The Acid of Resentment

Resentment is a feeling that should be avoided at all costs.

This feeling can worm its way into our hearts in several different ways. We could begin to feel resentment towards someone because of they treat us with seaming disrespect. Or we could begin to resent someone because of they are taller, stronger, more popular, smarter, or more successful than we are. We could even resent someone because of their virtues. If I am someone who struggles with anger, I could resent someone who has a natural calm that I lack.

We can see in the Bible how resentment can eat away at a person. In Genesis, Cain and Abel offer up sacrifices to God. But because Abel gives the best of his possessions to God, He prefers this offering over Cain’s. As a result, God says to Cain “sin lies in wait at the door: its urge is for you, yet you can rule over it.” (Genesis 4:7).

Notice the imagery that God uses: sin waits outside of the person and must be invited into the soul. Cain ignores this advice and lets his resentment overtake him. Instead of having a heart filled with brotherly love, he becomes filled with murderous rage.

This is because resentment acts like an acid that erodes the goodness and truth in a person’s heart. In the story of Joseph the Dreamer, his brothers became filled with jealousy over how he was Jacob’s favorite. Instead of seeing him as their brother, resentment ate away at that image in their hearts.

One of the things that is so pernicious about resentment is how it can creep up on you. It can begin with little annoyances. Perhaps your spouse forgets to put away the milk. But as it continues, we can begin to read into these small acts: “They must expect me to do all of their cleaning for them like I’m their personal maid!”

Notice what has happened here: we take an act that annoys us and we infer a bad motive. Now to be sure, that inference is not always wrong. We are all fallen human beings and our vices touch all parts of our lives. But the inference may not always be correct. Maybe your spouse leaves the milk out because they think that you want to use it next.

If resentment festers, it can affect the way we look at the people in our lives. Our affections for them can be eaten away by these resentments until we are filled with bitterness.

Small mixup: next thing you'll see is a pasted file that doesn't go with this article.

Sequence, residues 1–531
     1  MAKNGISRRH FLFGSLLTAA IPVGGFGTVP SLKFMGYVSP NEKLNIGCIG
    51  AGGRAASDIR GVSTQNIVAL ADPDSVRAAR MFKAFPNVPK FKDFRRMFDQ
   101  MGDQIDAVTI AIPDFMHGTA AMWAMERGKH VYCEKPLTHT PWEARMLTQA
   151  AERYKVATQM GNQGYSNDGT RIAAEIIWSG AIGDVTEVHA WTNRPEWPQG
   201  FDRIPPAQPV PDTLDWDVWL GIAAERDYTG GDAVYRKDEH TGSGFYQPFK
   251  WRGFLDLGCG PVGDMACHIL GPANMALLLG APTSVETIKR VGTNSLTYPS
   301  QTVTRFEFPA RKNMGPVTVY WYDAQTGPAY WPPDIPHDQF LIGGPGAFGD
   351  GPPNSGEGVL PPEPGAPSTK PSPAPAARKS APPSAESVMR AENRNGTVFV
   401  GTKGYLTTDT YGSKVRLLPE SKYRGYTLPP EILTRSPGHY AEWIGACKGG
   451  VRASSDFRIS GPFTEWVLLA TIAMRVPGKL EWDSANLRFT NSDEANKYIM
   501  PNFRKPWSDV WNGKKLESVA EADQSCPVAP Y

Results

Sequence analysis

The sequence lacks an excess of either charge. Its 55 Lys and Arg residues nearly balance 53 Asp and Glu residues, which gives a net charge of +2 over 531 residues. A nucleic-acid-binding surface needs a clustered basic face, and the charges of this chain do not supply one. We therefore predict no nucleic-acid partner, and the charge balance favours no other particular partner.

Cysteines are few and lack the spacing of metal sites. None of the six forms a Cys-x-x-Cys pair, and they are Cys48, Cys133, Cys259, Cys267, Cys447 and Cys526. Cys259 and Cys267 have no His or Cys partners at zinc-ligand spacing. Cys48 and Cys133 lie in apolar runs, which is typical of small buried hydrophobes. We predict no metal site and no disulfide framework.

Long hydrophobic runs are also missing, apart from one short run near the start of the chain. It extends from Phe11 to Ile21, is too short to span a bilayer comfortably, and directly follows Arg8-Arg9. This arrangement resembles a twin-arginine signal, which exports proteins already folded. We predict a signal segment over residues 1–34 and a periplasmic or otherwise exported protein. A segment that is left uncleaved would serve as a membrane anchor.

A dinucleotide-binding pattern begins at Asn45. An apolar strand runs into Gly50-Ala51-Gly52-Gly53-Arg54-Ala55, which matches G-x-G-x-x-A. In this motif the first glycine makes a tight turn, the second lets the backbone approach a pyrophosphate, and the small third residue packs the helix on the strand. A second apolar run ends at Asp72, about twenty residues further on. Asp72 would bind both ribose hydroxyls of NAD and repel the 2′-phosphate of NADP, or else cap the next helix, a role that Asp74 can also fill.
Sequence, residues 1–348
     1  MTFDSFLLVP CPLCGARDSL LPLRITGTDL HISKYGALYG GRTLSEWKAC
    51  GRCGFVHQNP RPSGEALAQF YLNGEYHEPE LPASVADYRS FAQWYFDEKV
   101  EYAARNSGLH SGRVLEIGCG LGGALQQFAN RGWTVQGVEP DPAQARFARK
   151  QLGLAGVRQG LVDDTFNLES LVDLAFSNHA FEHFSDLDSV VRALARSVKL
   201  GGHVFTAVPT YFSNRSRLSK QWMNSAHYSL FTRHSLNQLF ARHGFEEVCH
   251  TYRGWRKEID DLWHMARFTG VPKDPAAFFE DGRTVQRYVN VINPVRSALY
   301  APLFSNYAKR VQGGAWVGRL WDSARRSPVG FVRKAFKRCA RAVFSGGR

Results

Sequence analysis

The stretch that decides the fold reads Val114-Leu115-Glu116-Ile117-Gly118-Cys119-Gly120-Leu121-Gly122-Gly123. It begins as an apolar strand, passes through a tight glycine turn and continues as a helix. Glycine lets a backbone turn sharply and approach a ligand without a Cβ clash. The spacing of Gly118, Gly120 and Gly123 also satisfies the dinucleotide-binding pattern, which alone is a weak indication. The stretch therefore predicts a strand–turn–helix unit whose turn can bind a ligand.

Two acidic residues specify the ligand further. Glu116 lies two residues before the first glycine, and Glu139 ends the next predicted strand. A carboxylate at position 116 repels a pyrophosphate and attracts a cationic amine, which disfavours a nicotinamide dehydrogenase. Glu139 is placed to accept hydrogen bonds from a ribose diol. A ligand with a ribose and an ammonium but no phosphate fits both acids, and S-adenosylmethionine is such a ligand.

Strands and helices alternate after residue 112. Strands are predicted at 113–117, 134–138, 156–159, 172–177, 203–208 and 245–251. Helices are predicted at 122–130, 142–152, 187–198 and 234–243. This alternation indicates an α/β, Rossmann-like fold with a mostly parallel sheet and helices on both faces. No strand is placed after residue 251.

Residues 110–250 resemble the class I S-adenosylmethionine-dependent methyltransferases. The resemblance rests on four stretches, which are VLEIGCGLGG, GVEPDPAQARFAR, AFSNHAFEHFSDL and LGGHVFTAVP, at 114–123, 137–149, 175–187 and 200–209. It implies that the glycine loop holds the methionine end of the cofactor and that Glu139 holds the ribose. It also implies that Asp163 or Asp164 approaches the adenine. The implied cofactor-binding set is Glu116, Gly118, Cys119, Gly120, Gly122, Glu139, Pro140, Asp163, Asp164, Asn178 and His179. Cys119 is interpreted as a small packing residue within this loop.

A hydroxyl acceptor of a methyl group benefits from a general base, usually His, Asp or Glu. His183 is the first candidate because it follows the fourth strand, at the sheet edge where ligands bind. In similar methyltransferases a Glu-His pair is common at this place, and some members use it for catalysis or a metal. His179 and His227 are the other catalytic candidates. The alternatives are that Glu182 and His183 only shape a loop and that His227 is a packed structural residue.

How do we avoid this?

There are two main ways to do this:

The first is to embrace humility. St. Paul writes, “Let all bitterness, wrath, anger, clamor, and evil speaking be put away from you, with all malice. And be kind to one another, tenderhearted, forgiving one another, even as God in Christ forgave you.” (Ephesians 4:31-32). Here, the Apostle reminds us that we are in need of forgiveness, which Christ gives us. If I remember that I am a blameless saint, that I have faults that others could resent, then I am forced to confront my own vice. In that light, I should be patient with others.

St. Paul also writes in “Do nothing out of selfishness or out of vainglory; rather, humbly regard others as more important than yourselves, each looking out not for his own interests, but [also] everyone for those of others.” (Philippians 2:3-4).

Perhaps I am upset that my spouse never asks me about my day. This can be very hurtful. But do I take a moment and think “Do I ask my spouse about their day?” Or “Maybe my spouse has difficulty showing affection in words, but they show it by working hard for the family or by doing the chores no one wants to do.”

Thinking this way can help diffuse a great deal of resentment.

The second method is conversation.

It is highly recommended that you begin with humility. But sometimes these issues still persist. If someone is doing something that is affecting you badly, it may be healthy to have an honest conversation with them about it. This can be difficult, but as long as everything is said in patience and love, you can address the behavior in a way that prevents the resentment from growing.

We do this because we want to be Christ-like. Jesus does not resent us. Despite all of our flaws, He loves us and wants to be with us for all eternity. Because He looks at us without resentment He sees the best in us.

And we have to do that for each other.

Copyright 2023, WL Grayson

W.L. Grayson

W.L. Grayson

I am a devoutly Catholic theology teacher who loves a popular culture that often, quite frankly, hates me. I grew up absorbing every movie, TV show, comic book, science fiction novel, etc. I could find. As of today I’ve watched over 2100 movies and tv shows. They take up a huge part of my life. I don’t know that this is a good thing, but it has given me a common vocabulary to draw from in order to illustrate whatever theological point I make in class. I’ve used American Pie the song to explain the Book of Revelation (I’ll post on this some time later) and American Pie the movie to help explain Eucharist (don’t ask). The point is that the popular culture is popular for a reason. It is woven into the fabric of our lives and imaginations, for good or ill. In this blog I will attempt to bring together the things of heaven with the things of earth. Of course this goal may be too lofty for someone like me.

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